• This form of AT should not be used indiscriminately as people have very different needs;
  • In residential care, careful planning is needed to ensure that only the people who need this kind of AT use it;
  • Devices and systems should be switched off and only switched on if and when required;
  • People with dementia should not be tricked into using tracking or monitoring devices;
  • The use of AT for surveillance or monitoring should not replace human contact or serve merely to reduce the number of staff needed to take care of people;
  • Breaching a barrier should not automatically result in the person with dementia being returned to his/her place or room as the appropriate response may sometimes be to engage with the person or accompany him/her beyond the barrier;
  • When considering the use of a video monitoring device within the home or within a residential care setting, the religious customs and convictions of individuals should be respected (e.g. women who wear a burkha, or Sikh men who wear a turban should not be filmed without their consent when not wearing it).
  • Monitoring of movement or video surveillance linked to an alarm system should be sufficiently flexible to give a person some leeway in the organisation of his/her daily routine or to signal temporary changes so as not to feel controlled by the system itself (e.g. not permitting oneself to have a lie- in for fear of setting off the alarm);
  • The criteria for the stimuli necessary to set off the alarm should be discussed with the person with dementia (if possible) and with other members of the household in order to ensure that it fits in with their way of life and daily routines and that those of outsiders are not imposed on them (e.g. not daring to have a lie-in lest the alarm for immobility goes off);
  • In addition to live monitoring of people using surveillance, tagging and tracking devices, note should be taken of common patterns of behaviour which might permit a more tailored care plan (e.g. including activities or social contact at certain times of the day);
  • Devices should be discreet so as to avoid stigmatization and users experiencing shame and low self-esteem. Such discretion should include not only the visual aspect of the devices but also the volume and visual aspect of the alert signals to carers and staff (which can be seen or heard by other people);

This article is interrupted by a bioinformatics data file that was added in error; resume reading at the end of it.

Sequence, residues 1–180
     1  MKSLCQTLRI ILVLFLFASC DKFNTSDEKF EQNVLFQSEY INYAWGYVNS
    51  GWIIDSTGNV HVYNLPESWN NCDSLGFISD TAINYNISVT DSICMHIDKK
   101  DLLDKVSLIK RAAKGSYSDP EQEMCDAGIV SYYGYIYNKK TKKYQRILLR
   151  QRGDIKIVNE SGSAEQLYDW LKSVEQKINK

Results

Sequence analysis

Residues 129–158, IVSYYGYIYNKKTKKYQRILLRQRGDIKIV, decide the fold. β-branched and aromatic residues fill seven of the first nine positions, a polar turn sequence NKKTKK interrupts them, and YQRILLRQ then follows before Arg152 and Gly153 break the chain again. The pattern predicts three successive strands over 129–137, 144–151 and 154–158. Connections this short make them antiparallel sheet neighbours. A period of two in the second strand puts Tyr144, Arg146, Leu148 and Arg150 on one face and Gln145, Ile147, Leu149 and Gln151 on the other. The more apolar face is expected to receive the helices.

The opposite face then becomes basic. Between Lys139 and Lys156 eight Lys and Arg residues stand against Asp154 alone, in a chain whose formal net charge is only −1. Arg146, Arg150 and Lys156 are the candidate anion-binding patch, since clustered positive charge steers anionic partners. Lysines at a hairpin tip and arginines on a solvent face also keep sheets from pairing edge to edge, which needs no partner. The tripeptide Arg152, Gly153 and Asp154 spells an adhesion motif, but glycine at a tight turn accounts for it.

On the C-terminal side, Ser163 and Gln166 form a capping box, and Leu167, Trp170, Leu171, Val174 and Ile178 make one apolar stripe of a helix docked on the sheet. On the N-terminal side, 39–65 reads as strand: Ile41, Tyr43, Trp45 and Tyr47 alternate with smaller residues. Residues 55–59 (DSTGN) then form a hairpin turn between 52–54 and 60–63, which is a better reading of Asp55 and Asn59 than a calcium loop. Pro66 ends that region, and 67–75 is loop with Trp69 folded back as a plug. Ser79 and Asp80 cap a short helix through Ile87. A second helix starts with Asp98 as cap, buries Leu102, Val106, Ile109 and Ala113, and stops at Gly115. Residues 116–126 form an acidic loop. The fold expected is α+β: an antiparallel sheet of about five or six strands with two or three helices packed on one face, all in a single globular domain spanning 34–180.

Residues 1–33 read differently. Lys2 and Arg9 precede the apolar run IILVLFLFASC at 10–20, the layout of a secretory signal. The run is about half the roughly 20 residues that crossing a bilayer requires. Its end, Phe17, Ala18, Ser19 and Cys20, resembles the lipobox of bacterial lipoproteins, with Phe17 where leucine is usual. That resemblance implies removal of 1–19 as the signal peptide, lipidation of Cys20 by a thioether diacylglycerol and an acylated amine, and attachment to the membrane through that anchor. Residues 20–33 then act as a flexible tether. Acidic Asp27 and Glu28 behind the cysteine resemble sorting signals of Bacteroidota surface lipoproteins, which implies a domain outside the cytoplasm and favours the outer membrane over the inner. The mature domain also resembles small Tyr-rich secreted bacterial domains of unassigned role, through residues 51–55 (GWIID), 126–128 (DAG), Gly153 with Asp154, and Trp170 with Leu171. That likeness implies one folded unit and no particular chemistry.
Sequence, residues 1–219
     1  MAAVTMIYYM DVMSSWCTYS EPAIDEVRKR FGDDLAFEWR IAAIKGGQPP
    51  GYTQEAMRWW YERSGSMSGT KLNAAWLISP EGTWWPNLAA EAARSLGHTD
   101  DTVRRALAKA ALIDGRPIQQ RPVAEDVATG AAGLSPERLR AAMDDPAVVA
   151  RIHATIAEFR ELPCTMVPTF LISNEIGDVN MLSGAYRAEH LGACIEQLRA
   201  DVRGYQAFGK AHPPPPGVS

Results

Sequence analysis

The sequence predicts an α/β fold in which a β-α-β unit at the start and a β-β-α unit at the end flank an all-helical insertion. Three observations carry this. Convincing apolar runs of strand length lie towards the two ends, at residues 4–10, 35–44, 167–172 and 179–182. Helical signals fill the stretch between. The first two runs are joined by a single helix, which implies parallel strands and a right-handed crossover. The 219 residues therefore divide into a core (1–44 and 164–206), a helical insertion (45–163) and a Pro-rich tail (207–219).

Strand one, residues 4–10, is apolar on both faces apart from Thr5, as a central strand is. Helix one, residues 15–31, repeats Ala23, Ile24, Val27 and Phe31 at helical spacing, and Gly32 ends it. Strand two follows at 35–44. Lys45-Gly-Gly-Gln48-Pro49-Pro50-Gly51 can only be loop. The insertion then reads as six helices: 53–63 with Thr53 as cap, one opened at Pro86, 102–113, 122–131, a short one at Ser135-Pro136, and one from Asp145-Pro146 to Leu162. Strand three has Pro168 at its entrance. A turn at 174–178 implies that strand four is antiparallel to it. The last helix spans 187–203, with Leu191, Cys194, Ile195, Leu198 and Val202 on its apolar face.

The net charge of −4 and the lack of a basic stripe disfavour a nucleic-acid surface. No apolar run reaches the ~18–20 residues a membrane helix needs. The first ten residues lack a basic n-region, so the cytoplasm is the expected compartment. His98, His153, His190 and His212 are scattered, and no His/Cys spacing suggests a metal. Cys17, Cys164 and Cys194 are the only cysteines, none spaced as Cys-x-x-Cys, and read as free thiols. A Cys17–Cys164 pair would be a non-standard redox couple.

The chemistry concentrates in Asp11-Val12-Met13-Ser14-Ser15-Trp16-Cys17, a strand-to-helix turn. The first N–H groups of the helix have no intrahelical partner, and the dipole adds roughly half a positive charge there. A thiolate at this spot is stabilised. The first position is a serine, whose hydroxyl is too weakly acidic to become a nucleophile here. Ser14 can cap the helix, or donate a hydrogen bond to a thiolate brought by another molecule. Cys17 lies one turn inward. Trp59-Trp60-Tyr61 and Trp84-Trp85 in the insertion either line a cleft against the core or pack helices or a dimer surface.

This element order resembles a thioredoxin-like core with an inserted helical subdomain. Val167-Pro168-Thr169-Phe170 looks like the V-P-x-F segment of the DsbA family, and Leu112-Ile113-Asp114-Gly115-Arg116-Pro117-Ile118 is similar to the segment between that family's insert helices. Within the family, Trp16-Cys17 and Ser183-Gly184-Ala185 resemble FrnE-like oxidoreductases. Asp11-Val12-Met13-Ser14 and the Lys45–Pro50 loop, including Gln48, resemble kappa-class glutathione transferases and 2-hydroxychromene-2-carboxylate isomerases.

• Audio recording (i.e. of what people say) is unlikely to be justifiable in most situations. However, in some situations, it might be more suitable than video monitoring, especially if the device can be adjusted to prevent details of conversations being audible;
  • Video recording should not be permitted in rooms with toilet facilities and seldom in bathroom areas as this could be construed as an invasion of privacy and lack of respect for a person’s dignity. Also, it could lead to people avoiding these rooms and feeling stressed or humiliated. Alternative solutions to ensure a person’s safety and provide any necessary assistance should be found;
  • The use of video surveillance in sleeping areas should also be avoided unless strictly necessary;
  • In cases where video surveillance is used in a person’s sleeping area, it should be possible to switch off the recorder in order to have some privacy when required;
  • If the person is not capable of switching off the machine him/herself, it should be possible to make a simple verbal request without there being any need to provide justification or unreasonable advanced notification.



  • As a general guideline, the issue of consent should be approached from the perspective of shared decision making, involving people with dementia, carers and health and social care/service providers, in a collaborative effort to define mutually acceptable goals of care or support.
  • The consent of the person with dementia by/for whom the AT will be used should be sought irrespective of the complexity of the technology or stage of the disease.
  • If s/he lacks the capacity to give informed consent, the consent of his/her carer or legal representative should be sought. The person with dementia may have sufficient capacity to state which carer or carers s/he would like to be consulted.
  • Many people with dementia live alone and therefore do not have a carer. Some might not have a legal representative either. In such cases, consent to AT would have to be granted in accordance with the rules and regulations of each country concerning contractual capacity, the cost of the equipment and the probable impact on the potential user.
  • People providing proxy consent should bear in mind the past and current, presumed or known wishes and preferences of the person with dementia. Past wishes may be important but the possibility to have different current wishes should be accepted.
  • If the person with dementia lacks the capacity to give informed consent, s/he should be consulted, his/her assent should be sought and s/he should be kept informed of any further decisions linked to the use of AT.